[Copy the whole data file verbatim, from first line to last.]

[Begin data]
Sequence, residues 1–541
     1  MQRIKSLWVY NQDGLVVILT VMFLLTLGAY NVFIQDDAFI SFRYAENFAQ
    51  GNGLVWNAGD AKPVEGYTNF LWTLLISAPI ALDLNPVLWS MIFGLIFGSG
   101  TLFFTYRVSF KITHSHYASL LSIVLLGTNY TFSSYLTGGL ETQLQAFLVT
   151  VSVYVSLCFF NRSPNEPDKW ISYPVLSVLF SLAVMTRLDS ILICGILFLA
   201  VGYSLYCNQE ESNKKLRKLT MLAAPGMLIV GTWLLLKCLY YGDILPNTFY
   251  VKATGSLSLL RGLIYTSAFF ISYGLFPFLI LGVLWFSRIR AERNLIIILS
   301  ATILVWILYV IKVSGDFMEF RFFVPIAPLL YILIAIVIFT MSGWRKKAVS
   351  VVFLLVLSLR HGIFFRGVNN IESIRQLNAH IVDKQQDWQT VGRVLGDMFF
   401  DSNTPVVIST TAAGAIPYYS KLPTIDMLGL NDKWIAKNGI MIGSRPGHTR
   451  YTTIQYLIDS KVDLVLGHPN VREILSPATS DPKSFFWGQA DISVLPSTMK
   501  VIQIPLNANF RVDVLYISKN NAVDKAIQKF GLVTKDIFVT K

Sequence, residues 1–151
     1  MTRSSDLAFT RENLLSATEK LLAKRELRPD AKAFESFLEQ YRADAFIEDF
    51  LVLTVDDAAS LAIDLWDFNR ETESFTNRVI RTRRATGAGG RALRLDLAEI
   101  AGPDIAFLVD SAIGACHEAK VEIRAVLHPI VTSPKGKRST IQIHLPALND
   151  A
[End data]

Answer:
Sequence, residues 1–541
     1  MQRIKSLWVY NQDGLVVILT VMFLLTLGAY NVFIQDDAFI SFRYAENFAQ
    51  GNGLVWNAGD AKPVEGYTNF LWTLLISAPI ALDLNPVLWS MIFGLIFGSG
   101  TLFFTYRVSF KITHSHYASL LSIVLLGTNY TFSSYLTGGL ETQLQAFLVT
   151  VSVYVSLCFF NRSPNEPDKW ISYPVLSVLF SLAVMTRLDS ILICGILFLA
   201  VGYSLYCNQE ESNKKLRKLT MLAAPGMLIV GTWLLLKCLY YGDILPNTFY
   251  VKATGSLSLL RGLIYTSAFF ISYGLFPFLI LGVLWFSRIR AERNLIIILS
   301  ATILVWILYV IKVSGDFMEF RFFVPIAPLL YILIAIVIFT MSGWRKKAVS
   351  VVFLLVLSLR HGIFFRGVNN IESIRQLNAH IVDKQQDWQT VGRVLGDMFF
   401  DSNTPVVIST TAAGAIPYYS KLPTIDMLGL NDKWIAKNGI MIGSRPGHTR
   451  YTTIQYLIDS KVDLVLGHPN VREILSPATS DPKSFFWGQA DISVLPSTMK
   501  VIQIPLNANF RVDVLYISKN NAVDKAIQKF GLVTKDIFVT K

Sequence, residues 1–151
     1  MTRSSDLAFT RENLLSATEK LLAKRELRPD AKAFESFLEQ YRADAFIEDF
    51  LVLTVDDAAS LAIDLWDFNR ETESFTNRVI RTRRATGAGG RALRLDLAEI
   101  AGPDIAFLVD SAIGACHEAK VEIRAVLHPI VTSPKGKRST IQIHLPALND
   151  A